The United States Postal Service has adopted a comprehensive strategy, "Delivering the Future," a balanced approach to close a projected cumulative $238 billion deficit by the year 2020.

The strategy includes legislative and regulatory changes, the flexibility to make necessary business decisions in a timely manner and greater control over the number of days mail is delivered.

Specifically, the Postal Service is working with Congress to address the prepayment of retiree health benefits, change frequency of delivery and restructure price caps mandated by the Postal Law of 2006.

Restructuring prepayment of retiree health benefits and changing delivery frequency from six to five days a week provide the greatest costs savings opportunities. These two changes could reduce cumulative costs by as much as $90 billion by 2020.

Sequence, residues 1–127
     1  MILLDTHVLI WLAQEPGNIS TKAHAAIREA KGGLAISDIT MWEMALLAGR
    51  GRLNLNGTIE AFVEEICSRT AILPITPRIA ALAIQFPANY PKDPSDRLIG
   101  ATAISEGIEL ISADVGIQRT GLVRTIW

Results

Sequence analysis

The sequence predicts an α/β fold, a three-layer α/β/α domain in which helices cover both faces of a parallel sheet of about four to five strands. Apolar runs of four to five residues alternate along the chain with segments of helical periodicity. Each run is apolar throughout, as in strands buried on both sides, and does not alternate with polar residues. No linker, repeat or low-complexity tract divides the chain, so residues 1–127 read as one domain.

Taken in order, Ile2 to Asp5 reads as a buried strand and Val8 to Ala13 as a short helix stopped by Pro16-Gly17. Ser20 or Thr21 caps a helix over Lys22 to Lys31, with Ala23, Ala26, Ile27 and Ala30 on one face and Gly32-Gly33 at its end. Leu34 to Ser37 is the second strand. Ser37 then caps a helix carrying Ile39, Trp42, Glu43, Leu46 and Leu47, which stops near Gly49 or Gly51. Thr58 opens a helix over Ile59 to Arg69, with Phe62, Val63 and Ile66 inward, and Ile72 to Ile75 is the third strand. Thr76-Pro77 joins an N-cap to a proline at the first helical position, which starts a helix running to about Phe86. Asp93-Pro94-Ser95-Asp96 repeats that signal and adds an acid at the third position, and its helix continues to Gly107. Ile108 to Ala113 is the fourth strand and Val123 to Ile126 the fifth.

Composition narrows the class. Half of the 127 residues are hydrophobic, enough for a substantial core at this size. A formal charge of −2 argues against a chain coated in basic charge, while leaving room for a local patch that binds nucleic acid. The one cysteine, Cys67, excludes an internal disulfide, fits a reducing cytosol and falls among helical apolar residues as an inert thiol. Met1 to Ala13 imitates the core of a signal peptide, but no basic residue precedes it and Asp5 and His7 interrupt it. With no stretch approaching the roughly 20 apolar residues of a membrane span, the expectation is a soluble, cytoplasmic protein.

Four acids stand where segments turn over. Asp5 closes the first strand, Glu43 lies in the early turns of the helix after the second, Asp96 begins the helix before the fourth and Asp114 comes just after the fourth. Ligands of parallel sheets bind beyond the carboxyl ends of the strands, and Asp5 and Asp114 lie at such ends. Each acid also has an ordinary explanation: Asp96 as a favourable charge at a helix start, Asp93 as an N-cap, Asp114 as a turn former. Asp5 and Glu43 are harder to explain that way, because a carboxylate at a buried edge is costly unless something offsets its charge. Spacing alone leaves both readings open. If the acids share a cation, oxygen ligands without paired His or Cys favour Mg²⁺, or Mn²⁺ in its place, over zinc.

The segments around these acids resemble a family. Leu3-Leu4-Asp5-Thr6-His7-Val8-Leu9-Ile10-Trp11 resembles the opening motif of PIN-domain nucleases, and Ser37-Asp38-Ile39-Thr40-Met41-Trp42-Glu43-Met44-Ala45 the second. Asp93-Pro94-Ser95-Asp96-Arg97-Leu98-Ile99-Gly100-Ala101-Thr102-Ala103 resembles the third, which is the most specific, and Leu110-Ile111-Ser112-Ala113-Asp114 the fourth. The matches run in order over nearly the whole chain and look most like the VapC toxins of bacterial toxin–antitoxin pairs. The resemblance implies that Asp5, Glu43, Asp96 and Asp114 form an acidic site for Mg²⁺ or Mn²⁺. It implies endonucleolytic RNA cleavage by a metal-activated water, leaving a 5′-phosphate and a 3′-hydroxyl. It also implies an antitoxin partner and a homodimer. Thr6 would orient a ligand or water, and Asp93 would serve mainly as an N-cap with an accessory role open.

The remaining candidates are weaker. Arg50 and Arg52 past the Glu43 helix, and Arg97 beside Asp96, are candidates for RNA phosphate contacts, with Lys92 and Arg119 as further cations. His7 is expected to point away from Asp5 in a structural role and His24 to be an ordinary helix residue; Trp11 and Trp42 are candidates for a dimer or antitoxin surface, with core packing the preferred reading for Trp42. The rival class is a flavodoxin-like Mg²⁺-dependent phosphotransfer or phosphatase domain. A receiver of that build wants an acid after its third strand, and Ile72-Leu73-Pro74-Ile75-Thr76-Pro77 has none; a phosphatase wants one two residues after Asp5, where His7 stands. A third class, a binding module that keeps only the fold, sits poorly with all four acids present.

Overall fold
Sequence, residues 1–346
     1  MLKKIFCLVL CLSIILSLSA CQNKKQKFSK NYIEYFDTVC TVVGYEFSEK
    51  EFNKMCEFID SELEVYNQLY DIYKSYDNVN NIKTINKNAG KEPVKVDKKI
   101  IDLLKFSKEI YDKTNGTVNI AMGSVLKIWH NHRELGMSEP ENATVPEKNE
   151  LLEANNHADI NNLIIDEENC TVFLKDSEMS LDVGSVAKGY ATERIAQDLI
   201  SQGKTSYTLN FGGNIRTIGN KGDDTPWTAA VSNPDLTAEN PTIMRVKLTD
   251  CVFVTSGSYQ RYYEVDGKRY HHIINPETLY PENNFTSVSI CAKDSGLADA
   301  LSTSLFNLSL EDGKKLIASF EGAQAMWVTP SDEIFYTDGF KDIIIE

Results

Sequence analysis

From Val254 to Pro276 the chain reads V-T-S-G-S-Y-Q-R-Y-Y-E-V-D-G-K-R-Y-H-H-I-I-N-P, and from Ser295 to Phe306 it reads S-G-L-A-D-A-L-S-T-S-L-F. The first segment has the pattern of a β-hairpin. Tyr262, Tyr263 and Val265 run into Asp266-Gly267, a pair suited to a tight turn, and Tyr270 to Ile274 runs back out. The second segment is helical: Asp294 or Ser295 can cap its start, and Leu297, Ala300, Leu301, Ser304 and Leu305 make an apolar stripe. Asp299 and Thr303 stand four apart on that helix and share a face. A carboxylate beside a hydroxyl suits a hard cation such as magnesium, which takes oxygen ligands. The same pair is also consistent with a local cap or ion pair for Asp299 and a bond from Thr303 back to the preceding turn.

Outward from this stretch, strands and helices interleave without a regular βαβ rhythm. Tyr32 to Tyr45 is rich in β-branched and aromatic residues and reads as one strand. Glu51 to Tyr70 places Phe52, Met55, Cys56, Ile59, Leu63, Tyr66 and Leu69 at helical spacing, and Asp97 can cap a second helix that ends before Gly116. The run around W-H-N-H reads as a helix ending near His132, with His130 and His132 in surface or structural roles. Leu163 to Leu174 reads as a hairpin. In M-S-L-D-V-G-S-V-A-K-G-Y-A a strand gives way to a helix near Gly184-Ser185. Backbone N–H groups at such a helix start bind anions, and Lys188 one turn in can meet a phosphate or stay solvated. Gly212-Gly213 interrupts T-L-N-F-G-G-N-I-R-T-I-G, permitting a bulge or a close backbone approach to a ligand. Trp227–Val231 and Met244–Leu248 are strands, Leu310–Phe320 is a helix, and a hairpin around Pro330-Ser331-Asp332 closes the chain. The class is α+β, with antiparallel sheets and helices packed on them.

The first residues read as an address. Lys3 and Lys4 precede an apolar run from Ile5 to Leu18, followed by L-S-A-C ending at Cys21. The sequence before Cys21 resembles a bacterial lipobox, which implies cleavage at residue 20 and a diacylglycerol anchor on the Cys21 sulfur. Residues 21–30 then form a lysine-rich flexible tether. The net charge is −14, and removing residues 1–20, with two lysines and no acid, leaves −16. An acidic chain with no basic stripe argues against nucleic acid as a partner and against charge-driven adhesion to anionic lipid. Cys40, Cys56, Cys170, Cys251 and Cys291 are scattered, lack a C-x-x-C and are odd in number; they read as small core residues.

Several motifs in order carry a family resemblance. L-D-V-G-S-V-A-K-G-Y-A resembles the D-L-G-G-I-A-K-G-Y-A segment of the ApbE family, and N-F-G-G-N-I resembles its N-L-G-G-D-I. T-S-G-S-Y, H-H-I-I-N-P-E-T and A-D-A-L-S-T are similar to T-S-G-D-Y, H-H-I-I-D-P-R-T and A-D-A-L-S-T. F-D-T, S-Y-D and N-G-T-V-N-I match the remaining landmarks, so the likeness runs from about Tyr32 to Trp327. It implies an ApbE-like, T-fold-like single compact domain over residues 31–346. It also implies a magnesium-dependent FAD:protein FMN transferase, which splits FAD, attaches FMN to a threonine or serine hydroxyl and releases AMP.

Immediate action on retireee health benefits and frequency of delivery will allow the Postal Service to avoid a double-digit price increase that will drive business away and place the Postal Service in even greater uncertainty.

In FY 2000, $1.80 in revenue was generated per delivery stop daily, based on six days of delivery. In FY 2009, $1.40 in revenue was generated per delivery stop. That number is expected to drop to $1 by 2020. Under current law, the Postal Service cannot determine the number of days to deliver mail, regardless of costs or declining revenue.

The Postal Service's strategy is to adapt to America's changing mailing habits by becoming leaner and more able to quickly respond to customer mailing needs.

To learn more about "Delivering the Future" please visit